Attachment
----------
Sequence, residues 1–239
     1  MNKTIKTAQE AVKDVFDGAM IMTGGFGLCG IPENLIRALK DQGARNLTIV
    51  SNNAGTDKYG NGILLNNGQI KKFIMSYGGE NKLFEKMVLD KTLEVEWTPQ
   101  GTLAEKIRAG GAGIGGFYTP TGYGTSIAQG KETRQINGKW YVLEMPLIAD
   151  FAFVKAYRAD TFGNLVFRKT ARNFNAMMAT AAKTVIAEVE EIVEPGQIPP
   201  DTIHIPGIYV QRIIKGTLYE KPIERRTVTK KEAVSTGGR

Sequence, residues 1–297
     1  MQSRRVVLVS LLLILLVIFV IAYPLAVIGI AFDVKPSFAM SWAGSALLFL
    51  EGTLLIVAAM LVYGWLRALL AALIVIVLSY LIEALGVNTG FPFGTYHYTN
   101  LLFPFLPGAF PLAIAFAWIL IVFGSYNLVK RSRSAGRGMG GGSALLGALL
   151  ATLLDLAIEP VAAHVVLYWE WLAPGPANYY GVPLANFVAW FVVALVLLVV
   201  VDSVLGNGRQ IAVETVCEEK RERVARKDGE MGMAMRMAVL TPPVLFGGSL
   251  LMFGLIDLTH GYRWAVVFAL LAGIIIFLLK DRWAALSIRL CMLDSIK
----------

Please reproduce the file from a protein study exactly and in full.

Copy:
Sequence, residues 1–239
     1  MNKTIKTAQE AVKDVFDGAM IMTGGFGLCG IPENLIRALK DQGARNLTIV
    51  SNNAGTDKYG NGILLNNGQI KKFIMSYGGE NKLFEKMVLD KTLEVEWTPQ
   101  GTLAEKIRAG GAGIGGFYTP TGYGTSIAQG KETRQINGKW YVLEMPLIAD
   151  FAFVKAYRAD TFGNLVFRKT ARNFNAMMAT AAKTVIAEVE EIVEPGQIPP
   201  DTIHIPGIYV QRIIKGTLYE KPIERRTVTK KEAVSTGGR

Sequence, residues 1–297
     1  MQSRRVVLVS LLLILLVIFV IAYPLAVIGI AFDVKPSFAM SWAGSALLFL
    51  EGTLLIVAAM LVYGWLRALL AALIVIVLSY LIEALGVNTG FPFGTYHYTN
   101  LLFPFLPGAF PLAIAFAWIL IVFGSYNLVK RSRSAGRGMG GGSALLGALL
   151  ATLLDLAIEP VAAHVVLYWE WLAPGPANYY GVPLANFVAW FVVALVLLVV
   201  VDSVLGNGRQ IAVETVCEEK RERVARKDGE MGMAMRMAVL TPPVLFGGSL
   251  LMFGLIDLTH GYRWAVVFAL LAGIIIFLLK DRWAALSIRL CMLDSIK